Storm's Creators Face a Storm of Their Own
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American and Russian law enforcement agencies have finally identified the criminals behind the Storm worm, one of the nastiest pieces of malware to ever hit the Internet.
Now comes the hard part: arresting them.
Storm has been one of the toughest worms to eradicate because it was crafted so well. It mutates every 30 minutes, making it impossible for signature-based antivirus products to catch it, and there are no central command and control servers to take out like most other worms.
Once a computer is infected, any kind of malicious code can be downloaded, from a spam bot to a key logger. It has been most commonly used to send out spam.
Just as the highly infectious code remains elusive to many antivirus applications, the people who created this Storm have managed to stay one step ahead of the law thanks mainly to bureaucratic red tape.
The exact number of people involved as well as their identities aren't being released while Russian authorities wind their way through multiple diplomatic, law enforcement and government channels.
Things will get even more complicated if U.S. law enforcement agencies demand extradition.
American companies have suffered the most from this worm. But because Storm has affected and infected Internet users in practically every country, a lot of people are going to want the hides of those responsible for its proliferation.
"That's what's frustrating about cybercrime," Dmitri Alperovitch, principal research scientist at Secure Computing's TrustedSource Labs told InternetNews.com. "Because it's so international nowadays with these individuals on every continent, and a lot of times they collaborate."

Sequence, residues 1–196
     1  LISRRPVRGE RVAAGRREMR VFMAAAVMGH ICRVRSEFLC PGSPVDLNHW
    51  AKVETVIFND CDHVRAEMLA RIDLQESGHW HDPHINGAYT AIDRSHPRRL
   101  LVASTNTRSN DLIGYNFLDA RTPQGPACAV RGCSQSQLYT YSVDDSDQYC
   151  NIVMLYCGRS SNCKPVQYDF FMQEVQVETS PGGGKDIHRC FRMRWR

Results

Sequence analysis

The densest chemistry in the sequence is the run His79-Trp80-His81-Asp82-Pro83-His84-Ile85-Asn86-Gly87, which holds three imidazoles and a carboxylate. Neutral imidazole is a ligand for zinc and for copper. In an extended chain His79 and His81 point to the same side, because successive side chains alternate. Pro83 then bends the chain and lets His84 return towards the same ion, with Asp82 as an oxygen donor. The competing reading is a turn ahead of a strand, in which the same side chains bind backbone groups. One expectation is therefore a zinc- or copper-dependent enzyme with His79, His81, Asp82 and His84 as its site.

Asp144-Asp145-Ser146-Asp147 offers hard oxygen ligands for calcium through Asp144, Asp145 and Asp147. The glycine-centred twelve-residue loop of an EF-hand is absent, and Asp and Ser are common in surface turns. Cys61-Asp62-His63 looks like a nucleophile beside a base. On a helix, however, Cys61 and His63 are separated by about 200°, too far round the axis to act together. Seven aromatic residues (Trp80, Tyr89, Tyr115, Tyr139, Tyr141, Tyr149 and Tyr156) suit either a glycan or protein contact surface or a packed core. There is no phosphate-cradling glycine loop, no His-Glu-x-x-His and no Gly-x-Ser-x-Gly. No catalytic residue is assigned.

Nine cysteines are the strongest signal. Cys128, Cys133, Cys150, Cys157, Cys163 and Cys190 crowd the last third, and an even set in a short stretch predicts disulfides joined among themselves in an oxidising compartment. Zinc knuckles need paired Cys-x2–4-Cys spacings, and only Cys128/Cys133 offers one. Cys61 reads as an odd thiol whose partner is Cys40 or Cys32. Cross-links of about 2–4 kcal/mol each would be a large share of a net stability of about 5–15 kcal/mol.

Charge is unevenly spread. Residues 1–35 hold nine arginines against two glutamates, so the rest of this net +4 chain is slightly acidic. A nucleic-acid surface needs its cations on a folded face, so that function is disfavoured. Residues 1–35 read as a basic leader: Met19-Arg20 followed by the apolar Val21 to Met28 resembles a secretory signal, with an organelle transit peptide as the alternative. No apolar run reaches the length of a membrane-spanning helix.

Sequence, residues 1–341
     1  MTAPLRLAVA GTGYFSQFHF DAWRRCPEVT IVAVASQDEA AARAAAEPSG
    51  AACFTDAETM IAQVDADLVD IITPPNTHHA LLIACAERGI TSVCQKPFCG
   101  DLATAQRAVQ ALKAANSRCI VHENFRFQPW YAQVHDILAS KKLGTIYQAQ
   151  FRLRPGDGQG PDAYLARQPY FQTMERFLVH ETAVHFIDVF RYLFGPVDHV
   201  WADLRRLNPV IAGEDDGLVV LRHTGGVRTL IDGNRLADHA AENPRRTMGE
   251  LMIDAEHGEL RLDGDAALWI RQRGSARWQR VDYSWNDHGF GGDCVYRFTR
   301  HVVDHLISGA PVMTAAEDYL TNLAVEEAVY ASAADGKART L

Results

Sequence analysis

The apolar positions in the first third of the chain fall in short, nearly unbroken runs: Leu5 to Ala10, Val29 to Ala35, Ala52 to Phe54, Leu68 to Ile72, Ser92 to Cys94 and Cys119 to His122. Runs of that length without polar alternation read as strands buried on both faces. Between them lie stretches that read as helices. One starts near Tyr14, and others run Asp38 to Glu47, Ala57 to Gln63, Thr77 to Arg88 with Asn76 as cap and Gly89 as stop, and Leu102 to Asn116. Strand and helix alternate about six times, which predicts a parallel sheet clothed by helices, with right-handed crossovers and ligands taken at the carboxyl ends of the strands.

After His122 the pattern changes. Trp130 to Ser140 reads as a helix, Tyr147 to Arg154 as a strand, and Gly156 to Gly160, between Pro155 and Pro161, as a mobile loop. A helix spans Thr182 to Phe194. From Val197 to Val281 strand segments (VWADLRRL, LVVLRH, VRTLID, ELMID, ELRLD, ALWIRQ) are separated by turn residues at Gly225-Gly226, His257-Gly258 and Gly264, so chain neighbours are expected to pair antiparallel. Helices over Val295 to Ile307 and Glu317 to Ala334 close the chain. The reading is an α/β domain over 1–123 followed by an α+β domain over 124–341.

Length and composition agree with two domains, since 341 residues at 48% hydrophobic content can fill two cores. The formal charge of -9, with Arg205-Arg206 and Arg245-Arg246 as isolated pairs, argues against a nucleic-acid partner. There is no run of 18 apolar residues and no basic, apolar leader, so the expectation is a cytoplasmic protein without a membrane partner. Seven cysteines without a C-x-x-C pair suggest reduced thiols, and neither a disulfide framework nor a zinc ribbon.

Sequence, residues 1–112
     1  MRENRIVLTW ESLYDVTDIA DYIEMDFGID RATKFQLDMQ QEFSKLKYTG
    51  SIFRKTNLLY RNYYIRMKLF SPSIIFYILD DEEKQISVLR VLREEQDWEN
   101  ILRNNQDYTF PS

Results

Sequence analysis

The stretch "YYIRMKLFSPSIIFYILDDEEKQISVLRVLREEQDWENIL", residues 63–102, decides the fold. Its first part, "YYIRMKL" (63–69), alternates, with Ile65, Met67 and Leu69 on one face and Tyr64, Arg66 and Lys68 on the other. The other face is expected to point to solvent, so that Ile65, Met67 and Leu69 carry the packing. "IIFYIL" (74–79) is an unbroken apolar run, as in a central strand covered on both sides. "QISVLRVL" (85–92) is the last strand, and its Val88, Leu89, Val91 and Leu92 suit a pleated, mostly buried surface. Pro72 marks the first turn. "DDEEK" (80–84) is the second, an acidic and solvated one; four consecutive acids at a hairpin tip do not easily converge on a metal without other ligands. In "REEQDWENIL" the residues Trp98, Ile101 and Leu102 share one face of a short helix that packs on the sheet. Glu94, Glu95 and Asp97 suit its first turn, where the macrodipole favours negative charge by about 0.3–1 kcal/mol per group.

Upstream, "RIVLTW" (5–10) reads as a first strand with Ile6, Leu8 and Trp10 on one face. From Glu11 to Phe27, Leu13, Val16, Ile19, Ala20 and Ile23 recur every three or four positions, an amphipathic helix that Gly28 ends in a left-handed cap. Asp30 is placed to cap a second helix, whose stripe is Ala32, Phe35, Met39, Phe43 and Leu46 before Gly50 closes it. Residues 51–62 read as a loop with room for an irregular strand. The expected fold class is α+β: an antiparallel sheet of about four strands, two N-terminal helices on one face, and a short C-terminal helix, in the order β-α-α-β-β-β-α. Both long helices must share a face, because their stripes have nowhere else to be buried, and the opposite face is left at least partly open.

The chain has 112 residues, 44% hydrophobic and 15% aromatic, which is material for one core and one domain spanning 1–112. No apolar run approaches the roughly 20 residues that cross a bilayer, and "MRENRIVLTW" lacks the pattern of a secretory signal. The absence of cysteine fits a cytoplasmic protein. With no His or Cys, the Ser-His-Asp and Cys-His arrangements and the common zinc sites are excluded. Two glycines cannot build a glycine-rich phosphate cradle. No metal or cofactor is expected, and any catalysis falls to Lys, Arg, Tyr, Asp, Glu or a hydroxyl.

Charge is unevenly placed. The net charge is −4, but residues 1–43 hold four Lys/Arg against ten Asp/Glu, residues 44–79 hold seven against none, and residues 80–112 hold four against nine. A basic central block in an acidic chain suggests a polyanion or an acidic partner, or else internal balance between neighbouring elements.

"That involves many jurisdictions around the world and there are strict rules about sharing evidence and real problems with countries that don't have an extradition treaty," he added.
Jon Praed, founding partner of the Internet Law Group, which has represented many clients involved in spam-related lawsuits, said cyber criminals are moving to countries where they will be safe from extradition.
"A lot of bad guys are moving their bodies and assets to places that are hard to touch and that movement will continue," he said. "A lot of Americans in cybercrime have made the decision to leave the U.S. They are living in southeast Asia, Latin America, and parts of Europe."
"We have done a pretty good job of maturing the fight to the point that there are few cyber criminals left in the U.S," he said.
Alperovitch said the group responsible for creating Storm is based in St. Petersburg, a city that seems to be a magnet for computer criminals. Other gangs are based there, including the creators of the MPack malware development kit.
St. Petersburg was also the home of the Russian Business Network, an Internet service provider that hosted all kinds of malware and child pornography before a story in the Washington Post shined the spotlight on the site, prompting its upstream ISP in England to cut off its feed.
Alperovitch added the FSB, the Russian security service formed out of the old KGB, has recently been more diligent about arresting cyber criminals. Most recently, it took down the creators of Pinch, a particularly infectious worm that targeted and swiped confidential banking information.
If Russian authorities can follow up the Pinch bust with other high-profile arrests, crooks may no longer view St. Petersburg and other Russian cities as safe havens from the cops.
"There are certainly people in Russia who understand that their country could be doing more to make it hard for people to engage in wrongful conduct," Praed said. "There are lots of good people doing good things who understand that this isn't good for their country."
Some countries don't have much for cybercrime laws, which isn't necessarily a problem, said Alperovitch. "At its core, it's a financial crime," he said. "The Zotob [Trojan] creators were prosecuted because they were stealing money. Those are always quite enough for successful prosecutions."